Moon and Supermoon Lessons from NASA/JPL Edu

Lessons About the Moon

Explore our collection of standards-aligned lessons for grades 1-12.

How it Works

As the Moon orbits Earth, it goes through phases, which are determined by its position relative to Earth and the Sun. When the Moon lines up on the opposite side of Earth from the Sun, we see a full moon. The new moon phase occurs when the Moon and the Sun are lined up on the same side of Earth.

The Moon doesn’t orbit in a perfect circle. Instead, it travels in an ellipse that brings the Moon closer to and farther from Earth in its orbit. The farthest point in this ellipse is called the apogee and is about 405,500 kilometers from Earth on average. Its closest point is the perigee, which is an average distance of about 363,300 kilometers from Earth. During every 27-day orbit around Earth, the Moon reaches both its apogee and perigee.

Full moons can occur at any point along the Moon’s elliptical path, but when a full moon occurs at or near the perigee, it looks slightly larger and brighter than a typical full moon. That’s what the term “supermoon" refers to.

What makes a supermoon super? Watch this short animation to find out. Credit: NASA/JPL-Caltech

Because supermoon is not an official astronomical term, there is no definition about just how close to perigee the full moon has to be in order to be called “super." Generally, supermoon is used to refer to a full moon 90 percent or closer to perigee. (When the term supermoon was originally coined, it was also used to describe a new moon in the same position, but since the new moon isn’t easily visible from Earth, it’s rarely used in that context anymore.)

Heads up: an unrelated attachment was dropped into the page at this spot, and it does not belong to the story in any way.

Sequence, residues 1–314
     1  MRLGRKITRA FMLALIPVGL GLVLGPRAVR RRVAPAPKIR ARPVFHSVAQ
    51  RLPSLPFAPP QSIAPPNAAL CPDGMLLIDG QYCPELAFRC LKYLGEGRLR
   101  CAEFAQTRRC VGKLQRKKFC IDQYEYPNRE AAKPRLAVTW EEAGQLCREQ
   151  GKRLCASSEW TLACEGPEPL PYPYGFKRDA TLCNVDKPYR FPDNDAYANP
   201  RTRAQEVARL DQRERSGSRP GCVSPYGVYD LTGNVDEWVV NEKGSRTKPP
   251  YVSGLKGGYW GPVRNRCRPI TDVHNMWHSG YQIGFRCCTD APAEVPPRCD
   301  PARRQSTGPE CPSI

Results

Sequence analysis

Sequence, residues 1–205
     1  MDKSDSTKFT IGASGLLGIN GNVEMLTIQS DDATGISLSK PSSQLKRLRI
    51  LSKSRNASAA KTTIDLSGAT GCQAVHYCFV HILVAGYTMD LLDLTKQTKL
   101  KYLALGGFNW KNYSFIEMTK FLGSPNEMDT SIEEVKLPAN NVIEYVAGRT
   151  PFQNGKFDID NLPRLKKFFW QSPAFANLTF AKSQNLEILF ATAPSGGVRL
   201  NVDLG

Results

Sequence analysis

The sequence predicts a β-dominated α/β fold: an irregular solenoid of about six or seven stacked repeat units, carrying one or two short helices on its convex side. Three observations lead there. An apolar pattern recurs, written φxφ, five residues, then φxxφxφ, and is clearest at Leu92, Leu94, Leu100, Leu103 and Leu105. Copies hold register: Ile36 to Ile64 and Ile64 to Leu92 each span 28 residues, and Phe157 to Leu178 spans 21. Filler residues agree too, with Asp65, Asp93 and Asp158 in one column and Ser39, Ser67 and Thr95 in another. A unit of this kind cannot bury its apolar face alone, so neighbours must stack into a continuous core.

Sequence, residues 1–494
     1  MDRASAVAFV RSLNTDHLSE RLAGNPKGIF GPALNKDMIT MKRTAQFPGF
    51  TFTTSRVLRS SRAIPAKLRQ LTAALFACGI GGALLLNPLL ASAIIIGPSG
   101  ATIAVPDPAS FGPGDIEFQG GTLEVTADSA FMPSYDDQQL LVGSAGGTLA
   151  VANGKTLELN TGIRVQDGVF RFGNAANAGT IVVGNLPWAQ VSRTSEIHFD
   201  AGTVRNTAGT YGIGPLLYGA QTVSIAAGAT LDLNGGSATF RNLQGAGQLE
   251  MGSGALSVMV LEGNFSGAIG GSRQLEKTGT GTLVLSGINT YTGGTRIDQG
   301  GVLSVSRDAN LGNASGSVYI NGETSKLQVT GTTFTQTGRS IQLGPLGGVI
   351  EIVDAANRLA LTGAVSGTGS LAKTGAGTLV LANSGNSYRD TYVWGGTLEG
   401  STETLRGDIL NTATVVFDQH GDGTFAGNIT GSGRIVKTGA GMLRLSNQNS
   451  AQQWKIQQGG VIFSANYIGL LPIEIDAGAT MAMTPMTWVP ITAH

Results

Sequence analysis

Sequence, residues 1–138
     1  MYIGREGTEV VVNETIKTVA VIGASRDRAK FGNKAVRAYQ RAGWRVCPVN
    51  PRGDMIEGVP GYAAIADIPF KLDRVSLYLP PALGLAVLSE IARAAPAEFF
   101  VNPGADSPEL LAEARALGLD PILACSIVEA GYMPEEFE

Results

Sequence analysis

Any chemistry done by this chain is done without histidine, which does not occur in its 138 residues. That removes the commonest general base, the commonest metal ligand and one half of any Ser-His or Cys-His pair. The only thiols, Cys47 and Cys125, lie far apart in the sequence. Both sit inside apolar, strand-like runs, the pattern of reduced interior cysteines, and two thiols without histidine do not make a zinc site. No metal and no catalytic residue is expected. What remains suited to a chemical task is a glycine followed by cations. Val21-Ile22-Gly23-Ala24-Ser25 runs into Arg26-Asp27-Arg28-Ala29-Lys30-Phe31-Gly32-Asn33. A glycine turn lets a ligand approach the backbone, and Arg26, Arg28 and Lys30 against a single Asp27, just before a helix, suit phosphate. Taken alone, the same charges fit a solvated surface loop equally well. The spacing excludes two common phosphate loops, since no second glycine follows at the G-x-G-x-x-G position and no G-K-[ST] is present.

A more accurate and scientific term is “perigee syzygy.” Syzygy is the alignment of three celestial bodies, in this case the Sun, Moon and Earth. But that doesn’t quite roll off the tongue as easily as supermoon.

Why It’s Important

Moon and Supermoon Lessons from NASA/JPL Edu

Make a Moon Phases Calendar

Use this Moon "decoder wheel" to see where and where to view the Moon all year!

As the largest and brightest object in the night sky, the Moon is a popular focal point for many amateur and professional astronomers pointing their telescopes to the sky, and the source of inspiration for everyone from aspiring space scientists to engineers to artists.

The supermoon is a great opportunity for teachers to connect concepts being taught in the classroom to something students will undoubtedly be hearing about. Students can practice writing skills in a Moon journal, study Moon phases and apply their math skills to observing the supermoon. (Click here for related activities from JPL’s Education Office.)

Incorrect and misleading information about the Moon (and supermoons) can lead to confusion and frustration. It’s important to help students understand what to expect and be able to identify inaccurate info.

What to Expect


As with anything that moves closer to the person viewing it, the supermoon will appear bigger than an average full moon. At its largest, it can appear 14% larger in diameter than the smallest full moon. Keep in mind that a 14% increase in the apparent size of something that can be covered with a fingernail on an outstretched arm won’t seem significantly bigger. Unlike side-by-side comparisons made in science and everyday life, students will not have seen the full moon for at least 30 days, and won’t see another for at least 30 more days. Comparing a supermoon with a typical full moon from memory is very difficult.

A nearly full Moon sets as the space shuttle Discovery sits atop Launch pad 39A at the Kennedy Space Center in Cape Canaveral, Florida, Wednesday, March 11, 2009. Photo Credit: (NASA/Bill Ingalls

While they make for great photographs, images like this one that rely on a special photographic technique aren't an accurate representation of what the supermoon will look like to the naked eye. Credit: NASA/Bill Ingalls | Full image and caption on Flickr

Graphic showing the position of the moon at apogee and perigee

A supermoon looks bigger than a "micromoon" (when the full moon is at apogee) because it's about 40,000 kilometers closer to Earth on average. Credit: NASA/JPL-Caltech

Graphic showing the position of the moon at apogee and perigee

It's nearly impossible to compare the apparent size of the supermoon with a micromoon from memory, but when seen side-by-side as in this graphic, it becomes clear. Credit: NASA/JPL-Caltech